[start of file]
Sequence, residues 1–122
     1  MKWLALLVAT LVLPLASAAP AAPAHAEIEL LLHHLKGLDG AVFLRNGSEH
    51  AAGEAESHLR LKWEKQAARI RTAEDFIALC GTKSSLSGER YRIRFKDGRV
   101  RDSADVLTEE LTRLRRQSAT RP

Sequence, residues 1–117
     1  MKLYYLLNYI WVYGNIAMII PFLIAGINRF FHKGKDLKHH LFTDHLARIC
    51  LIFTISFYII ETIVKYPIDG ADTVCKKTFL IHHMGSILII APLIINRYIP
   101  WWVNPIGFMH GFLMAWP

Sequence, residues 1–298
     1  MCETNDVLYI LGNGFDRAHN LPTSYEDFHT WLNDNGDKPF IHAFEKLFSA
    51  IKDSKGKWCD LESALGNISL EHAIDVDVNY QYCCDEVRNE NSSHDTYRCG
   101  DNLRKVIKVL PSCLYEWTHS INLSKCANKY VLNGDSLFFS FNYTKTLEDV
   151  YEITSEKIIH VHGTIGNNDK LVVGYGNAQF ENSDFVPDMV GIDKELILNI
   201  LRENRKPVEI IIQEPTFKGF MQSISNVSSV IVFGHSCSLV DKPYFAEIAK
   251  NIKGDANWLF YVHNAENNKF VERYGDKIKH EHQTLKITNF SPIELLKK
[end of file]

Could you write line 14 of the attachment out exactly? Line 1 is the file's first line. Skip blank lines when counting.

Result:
   201  LRENRKPVEI IIQEPTFKGF MQSISNVSSV IVFGHSCSLV DKPYFAEIAK